• _ strains are resistant to multiple antibiotics but is often susceptible to _

• _ is the remaining therapeutic agent most often used


skin, wound infection, bacteremia & hospital acquired pneumonia

hospital acquired methicillin-resistance (HA-MRSA)

Community acquired methicillin-resistant (CA-MRSA)



Antimicrobial Resistance: Examples in Clinical Care:
MRSA in Healthy Children:

• Initial report of CA-MRSA between 1997 & 1999 in the absence of _ or _

• Increasing reports of CA-MRSA in previously (well / ill) children
– >60% incidence of methicillin-resistance in community S. aureus in children in Houston
– Increasing rate now recognized in Pittsburgh
– National & international _

• Unique _ compared to HA-MRSA
– _ and _
– (Broader / Narrower) choice of effective antibiotics

risk factors
exposure history




SCCMec IV and Panton-Valentine Leukocidin



Antimicrobial Resistance: Examples in Clinical Care:
Glycopeptide Resistance in S. aureus:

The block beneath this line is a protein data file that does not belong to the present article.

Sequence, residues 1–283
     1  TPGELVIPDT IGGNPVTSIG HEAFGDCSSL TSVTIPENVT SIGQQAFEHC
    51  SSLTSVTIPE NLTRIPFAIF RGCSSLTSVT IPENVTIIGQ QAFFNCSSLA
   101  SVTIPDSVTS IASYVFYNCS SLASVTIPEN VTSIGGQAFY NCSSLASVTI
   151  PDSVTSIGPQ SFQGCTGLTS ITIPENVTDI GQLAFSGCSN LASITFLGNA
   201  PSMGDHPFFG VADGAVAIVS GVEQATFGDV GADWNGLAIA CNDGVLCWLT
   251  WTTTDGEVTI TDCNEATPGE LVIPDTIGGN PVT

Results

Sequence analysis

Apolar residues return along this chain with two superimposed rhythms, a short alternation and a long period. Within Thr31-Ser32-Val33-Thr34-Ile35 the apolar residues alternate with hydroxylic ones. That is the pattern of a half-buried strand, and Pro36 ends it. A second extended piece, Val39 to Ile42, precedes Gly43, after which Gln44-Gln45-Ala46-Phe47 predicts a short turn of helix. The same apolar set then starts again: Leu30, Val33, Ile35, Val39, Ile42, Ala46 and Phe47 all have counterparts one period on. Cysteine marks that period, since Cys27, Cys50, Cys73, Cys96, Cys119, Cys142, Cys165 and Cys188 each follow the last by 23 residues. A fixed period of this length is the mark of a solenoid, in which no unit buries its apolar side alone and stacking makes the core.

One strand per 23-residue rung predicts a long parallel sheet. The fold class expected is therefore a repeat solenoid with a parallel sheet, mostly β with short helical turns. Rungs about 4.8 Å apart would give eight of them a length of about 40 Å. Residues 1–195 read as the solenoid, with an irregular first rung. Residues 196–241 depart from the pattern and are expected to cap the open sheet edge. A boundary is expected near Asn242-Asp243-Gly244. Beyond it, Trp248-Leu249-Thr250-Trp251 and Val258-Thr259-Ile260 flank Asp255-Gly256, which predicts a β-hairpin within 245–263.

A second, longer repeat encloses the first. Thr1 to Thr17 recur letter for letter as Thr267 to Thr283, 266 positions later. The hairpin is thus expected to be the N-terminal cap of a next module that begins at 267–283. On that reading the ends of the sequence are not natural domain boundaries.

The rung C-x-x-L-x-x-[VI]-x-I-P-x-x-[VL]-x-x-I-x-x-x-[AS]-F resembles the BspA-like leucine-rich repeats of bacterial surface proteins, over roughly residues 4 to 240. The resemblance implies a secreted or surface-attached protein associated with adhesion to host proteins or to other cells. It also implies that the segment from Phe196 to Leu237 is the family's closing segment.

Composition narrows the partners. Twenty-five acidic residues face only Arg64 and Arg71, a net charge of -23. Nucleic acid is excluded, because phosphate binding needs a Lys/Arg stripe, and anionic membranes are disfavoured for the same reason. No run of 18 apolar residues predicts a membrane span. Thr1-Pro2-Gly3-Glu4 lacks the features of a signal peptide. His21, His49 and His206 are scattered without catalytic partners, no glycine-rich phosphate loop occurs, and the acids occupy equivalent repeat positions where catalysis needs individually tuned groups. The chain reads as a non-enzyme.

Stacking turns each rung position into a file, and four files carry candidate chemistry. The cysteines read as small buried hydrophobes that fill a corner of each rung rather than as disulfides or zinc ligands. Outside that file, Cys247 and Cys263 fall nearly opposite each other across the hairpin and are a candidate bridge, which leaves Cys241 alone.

-First report of S. aureus with reduced susceptibility to _ in 1996

-Cases described from Japan, Michigan and New Jersey

-All isolates were _ with prolonged exposure to _

-Mechanism of _-resistance not fully worked out
– Both up regulated and down regulated _
– Recent evidence of _ in isolates from PA







Antimicrobial Resistance: Examples in Clinical Care:
Classes of Glycopeptide in S. aureus: (3)

• Vancomycin-intermediate S. aureus (VISA)

• Heterogenous vancomycin-intermediate S. aureus (hVISA)

• High-level vancomycin-resistant S. aureus (VRSA)


Antimicrobial Resistance: Examples in Clinical Care:
Classes of Glycopeptide in S. aureus: (3)

• Vancomycin-intermediate S. aureus (VISA)